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Know your rights: What to do if immigration officials show up at your door

February 13, 2017  |  Posted by: Francesca Falzarano
Know your rights: What to do if immigration officials show up at your door Customs Enforcement detain undocymented immigrant via REUTERS

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News of recent waves of Immigration and Customs Enforcement raids have sparked fear among undocumented families living in sanctuary cities such New York, Los Angeles and other metropolitan areas across the U.S.

Immigrant advocacy group ‘Make the Road New York’ verified reports that five arrests were made in Staten Island and one in Queens stemming from February 3rd. Most of the foreigners are Mexican and were arrested at their homes.

ICE confirmed there had been 40 apprehensions in the New York area this past week alone.

President Trump signed an executive order in January enforcing a crackdown on undocumented immigrants with criminal records which should be targeted by immigration officials.

Yasmine Farhang, an immigration attorney with ‘Make the Road,’ told the New York Daily News that the group has been hosting “know your rights” sessions at several locations to educate immigrant communities if such raids transpire.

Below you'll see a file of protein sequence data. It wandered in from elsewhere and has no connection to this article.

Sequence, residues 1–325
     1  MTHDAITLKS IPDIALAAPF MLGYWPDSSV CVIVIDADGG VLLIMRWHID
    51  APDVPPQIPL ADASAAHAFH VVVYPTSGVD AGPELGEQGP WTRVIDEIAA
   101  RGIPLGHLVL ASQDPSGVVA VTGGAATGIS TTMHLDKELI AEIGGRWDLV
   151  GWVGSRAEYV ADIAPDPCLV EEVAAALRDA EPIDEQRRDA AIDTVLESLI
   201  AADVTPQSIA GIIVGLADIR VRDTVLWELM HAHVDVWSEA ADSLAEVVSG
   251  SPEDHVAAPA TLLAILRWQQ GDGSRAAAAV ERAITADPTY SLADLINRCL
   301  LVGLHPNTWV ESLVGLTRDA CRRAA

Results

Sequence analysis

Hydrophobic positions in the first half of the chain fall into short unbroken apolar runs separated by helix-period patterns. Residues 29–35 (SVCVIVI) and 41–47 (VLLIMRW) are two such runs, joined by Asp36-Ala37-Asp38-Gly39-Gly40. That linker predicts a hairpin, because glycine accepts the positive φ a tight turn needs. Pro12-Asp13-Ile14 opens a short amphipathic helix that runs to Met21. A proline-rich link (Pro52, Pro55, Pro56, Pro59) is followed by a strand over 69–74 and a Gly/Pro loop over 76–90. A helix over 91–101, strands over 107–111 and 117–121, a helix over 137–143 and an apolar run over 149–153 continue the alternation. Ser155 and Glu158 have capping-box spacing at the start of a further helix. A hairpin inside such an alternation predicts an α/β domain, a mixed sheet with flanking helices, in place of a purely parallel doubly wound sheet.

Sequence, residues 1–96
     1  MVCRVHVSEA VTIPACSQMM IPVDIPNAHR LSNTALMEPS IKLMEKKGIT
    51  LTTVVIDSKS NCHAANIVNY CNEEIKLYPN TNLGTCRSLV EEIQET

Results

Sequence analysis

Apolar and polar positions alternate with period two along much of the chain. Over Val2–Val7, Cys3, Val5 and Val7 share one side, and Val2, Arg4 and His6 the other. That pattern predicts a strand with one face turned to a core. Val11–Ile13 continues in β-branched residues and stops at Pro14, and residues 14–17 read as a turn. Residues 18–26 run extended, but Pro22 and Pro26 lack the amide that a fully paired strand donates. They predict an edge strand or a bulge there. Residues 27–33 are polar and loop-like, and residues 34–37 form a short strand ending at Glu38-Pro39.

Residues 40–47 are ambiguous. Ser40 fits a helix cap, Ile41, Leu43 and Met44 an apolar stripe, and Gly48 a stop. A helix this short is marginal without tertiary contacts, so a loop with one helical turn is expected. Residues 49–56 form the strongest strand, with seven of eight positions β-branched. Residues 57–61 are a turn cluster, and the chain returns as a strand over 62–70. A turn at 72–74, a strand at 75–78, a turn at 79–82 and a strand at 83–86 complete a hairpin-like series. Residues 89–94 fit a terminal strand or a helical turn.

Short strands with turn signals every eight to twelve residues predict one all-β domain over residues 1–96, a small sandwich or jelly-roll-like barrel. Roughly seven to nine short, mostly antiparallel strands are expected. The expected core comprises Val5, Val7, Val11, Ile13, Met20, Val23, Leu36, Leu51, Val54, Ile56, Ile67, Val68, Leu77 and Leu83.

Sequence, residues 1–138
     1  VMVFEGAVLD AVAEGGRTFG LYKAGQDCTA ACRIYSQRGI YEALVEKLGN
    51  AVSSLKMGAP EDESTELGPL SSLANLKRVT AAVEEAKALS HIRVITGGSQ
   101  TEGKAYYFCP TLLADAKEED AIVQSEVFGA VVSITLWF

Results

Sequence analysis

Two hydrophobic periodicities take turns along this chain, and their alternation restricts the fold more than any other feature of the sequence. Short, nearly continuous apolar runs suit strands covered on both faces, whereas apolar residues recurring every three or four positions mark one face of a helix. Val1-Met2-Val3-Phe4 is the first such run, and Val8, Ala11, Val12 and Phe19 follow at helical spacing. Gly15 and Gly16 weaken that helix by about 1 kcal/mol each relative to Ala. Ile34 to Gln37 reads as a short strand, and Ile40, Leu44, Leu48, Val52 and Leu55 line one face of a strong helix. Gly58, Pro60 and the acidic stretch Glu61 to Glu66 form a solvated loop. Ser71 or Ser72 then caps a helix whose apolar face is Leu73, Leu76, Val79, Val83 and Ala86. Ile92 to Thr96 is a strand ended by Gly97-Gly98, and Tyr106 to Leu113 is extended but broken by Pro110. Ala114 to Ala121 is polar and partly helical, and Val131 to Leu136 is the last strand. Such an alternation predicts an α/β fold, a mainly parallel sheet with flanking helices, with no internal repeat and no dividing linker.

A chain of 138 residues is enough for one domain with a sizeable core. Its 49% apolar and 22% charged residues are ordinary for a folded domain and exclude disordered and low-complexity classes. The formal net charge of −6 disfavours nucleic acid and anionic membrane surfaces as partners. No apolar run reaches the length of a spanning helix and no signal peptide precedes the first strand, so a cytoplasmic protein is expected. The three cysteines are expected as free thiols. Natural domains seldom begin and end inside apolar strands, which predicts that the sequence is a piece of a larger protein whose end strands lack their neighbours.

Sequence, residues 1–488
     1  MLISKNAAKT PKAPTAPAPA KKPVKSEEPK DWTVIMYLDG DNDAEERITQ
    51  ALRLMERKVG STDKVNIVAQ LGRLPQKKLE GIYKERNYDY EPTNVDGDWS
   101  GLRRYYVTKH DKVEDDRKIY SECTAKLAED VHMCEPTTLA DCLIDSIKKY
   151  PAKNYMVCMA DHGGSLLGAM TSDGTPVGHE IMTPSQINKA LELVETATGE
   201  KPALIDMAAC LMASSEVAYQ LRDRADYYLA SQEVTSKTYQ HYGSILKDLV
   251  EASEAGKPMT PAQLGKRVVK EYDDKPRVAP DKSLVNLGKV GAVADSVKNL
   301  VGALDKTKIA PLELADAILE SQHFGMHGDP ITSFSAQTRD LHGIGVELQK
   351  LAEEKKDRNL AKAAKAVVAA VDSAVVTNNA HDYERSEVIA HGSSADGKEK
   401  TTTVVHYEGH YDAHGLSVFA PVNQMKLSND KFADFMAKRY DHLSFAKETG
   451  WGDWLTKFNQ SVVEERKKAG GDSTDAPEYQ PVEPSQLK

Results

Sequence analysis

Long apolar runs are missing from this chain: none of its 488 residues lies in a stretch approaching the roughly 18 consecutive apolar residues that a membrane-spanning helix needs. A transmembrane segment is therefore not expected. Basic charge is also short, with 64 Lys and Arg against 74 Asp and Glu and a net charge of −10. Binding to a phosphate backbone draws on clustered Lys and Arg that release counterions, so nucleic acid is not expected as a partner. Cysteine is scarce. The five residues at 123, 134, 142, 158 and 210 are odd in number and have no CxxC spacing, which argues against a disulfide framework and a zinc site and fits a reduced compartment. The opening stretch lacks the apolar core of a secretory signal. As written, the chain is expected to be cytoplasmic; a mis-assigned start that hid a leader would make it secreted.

Five steps have been outlined if authorities show up at your door.

1. Ask to see a warrant:

City University Professor Allan Wernick, who writes weekly immigration columns for the New York Daily News, said there are two forms of warrants.

Immigration agents may arrest a person in a public setting with an administrative warrant that’s issued by Homeland Security.

However, police cannot enter a home without a court order signed by a judge or without the resident’s consent.

“If officers don’t have a warrant, do not let them in,” Wernick stated.

Farhang recommends telling ICE agents to slip the warrant under the door and to request a translator if necessary.

2. Request a lawyer or contact an agency

Farhang and Wernick emphasized that individuals should have an attorney or an immigration agency on call just in case.

3. Gather contact information and have an emergency procedure

If residents have an outstanding deportation order and are arrested, they are given the right to bond. Wernick advises having the contact information of a friend with access to a fund.

It’s also suggested to flag ICE officers if someone has a medical problem and, if children are present during the detention, have a secondary caretaker on call.

She further advised that if anyone has information about a possible raid to call the Immigrant Defense Project’s hotline at (212) 725-6422.

4. Always Remain silent

If an individual is not the person listed on a warrant, they are not required to answer questions from the officer because anything that is said will be used against you.

5. Do not sign paperwork

No one should sign any documents unless a lawyer is present. Wernick and Farhang emphasized the importance of requesting an immigration lawyer and not to show personal documents such as passports from one’s native country.

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